Germán Rodríguez

Generalized Linear Models
Princeton University
The lecture notes are offered in two formats: HTML and PDF.
I expect most of you will want to *print* the notes, in which case you can use the links
below to access the PDF file for each chapter. If you are *browsing* use the table of contents
to jump directly to each chapter and section in HTML format. For more details on these formats
please see the discussion below.

Chapters in PDF Format
2. Linear Models for Continuous Data
3. Logit Models for Binary Data
4. Poisson Models for Count Data
4a*. Addendum on Overdispersed Count Data
5. Log-Linear Models for Contingency Tables
6. Multinomial Response Models
7. Survival Models
8*. Panel and Clustered Data
A. Review of Likelihood Theory
B. Generalized Linear Model Theory

The list above has two extensions to the original notes: an addendum on Over-Dispersed Count Data, which describes models with extra-Poisson variation and negative binomial regression, and a brief discussion of models for longitudinal and clustered data. Because of these additions we now skip Chapter 5.

No, there is no Chapter 1 ... yet. One day I will write an introduction to the course and that will be Chapter 1.

It turns out that making the lecture notes available on the web was a bit of a challenge because web browsers were designed to render text and graphs but not equations, which are often shown using bulky graphs or translated into text with less than ideal results.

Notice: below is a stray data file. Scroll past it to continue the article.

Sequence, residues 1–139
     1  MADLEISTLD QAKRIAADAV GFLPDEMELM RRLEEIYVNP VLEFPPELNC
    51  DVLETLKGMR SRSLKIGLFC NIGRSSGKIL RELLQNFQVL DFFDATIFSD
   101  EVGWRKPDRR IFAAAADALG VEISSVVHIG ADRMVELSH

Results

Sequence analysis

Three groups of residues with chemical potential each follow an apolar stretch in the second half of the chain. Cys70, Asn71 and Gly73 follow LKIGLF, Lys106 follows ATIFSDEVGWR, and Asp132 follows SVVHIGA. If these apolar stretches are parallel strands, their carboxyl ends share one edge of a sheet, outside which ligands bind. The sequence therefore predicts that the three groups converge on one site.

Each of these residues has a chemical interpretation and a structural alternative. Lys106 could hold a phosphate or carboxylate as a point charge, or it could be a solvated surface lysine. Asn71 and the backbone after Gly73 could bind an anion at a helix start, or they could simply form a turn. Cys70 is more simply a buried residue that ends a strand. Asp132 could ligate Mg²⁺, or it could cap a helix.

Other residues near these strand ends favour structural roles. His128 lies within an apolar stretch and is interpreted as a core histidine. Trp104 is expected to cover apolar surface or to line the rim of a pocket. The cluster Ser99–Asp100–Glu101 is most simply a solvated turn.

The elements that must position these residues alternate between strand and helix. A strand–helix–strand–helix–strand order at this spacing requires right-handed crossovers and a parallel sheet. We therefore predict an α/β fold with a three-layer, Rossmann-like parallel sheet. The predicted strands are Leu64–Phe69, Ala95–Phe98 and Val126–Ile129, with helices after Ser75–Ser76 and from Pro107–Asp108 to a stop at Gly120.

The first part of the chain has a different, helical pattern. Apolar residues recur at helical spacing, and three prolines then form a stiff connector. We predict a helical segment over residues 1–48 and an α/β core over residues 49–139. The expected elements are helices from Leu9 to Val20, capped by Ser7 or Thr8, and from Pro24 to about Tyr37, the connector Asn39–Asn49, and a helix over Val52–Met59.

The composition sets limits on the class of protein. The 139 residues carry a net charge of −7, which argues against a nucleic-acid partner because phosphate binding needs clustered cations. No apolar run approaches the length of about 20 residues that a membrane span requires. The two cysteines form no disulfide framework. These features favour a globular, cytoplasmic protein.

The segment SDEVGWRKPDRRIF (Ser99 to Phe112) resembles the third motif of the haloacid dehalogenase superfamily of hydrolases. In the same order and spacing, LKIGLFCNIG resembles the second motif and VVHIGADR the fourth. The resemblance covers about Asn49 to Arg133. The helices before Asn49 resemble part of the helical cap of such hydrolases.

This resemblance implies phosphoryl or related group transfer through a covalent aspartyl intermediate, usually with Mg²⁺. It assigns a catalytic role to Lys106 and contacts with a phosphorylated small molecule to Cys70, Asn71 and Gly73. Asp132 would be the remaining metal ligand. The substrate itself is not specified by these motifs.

The notes were written using LaTeX, which produces postscript or PDF, so the simplest solution was to post the generated PDF files, one per chapter. This format is best for printing the notes. Our PDF files are now smaller and look better on the screen that before. To view the files you will need Adobe Reader, unless you use a browser like Chrome that can render PDF natively.

I also wanted to offer a version in HTML, which is best for browsing. Fortunately, there is now an excellent Javascript library called MathJax that does a superb job of rendering mathematics on the web. I combined this library with a custom program that translates the rest of the LaTeX source into HTML, leaving all equations to MathJax. This approach supersedes the original pages, which had been generated using TtH, a program that worked much better than alternatives such as LaTeX2Html and served me well for many years. If you face a similar task nowadays, I suggest you use Pandoc, a universal document converter.

Rodríguez, G. (2007). *Lecture Notes on Generalized Linear Models*.
URL: https://grodri.github.io/glms/notes/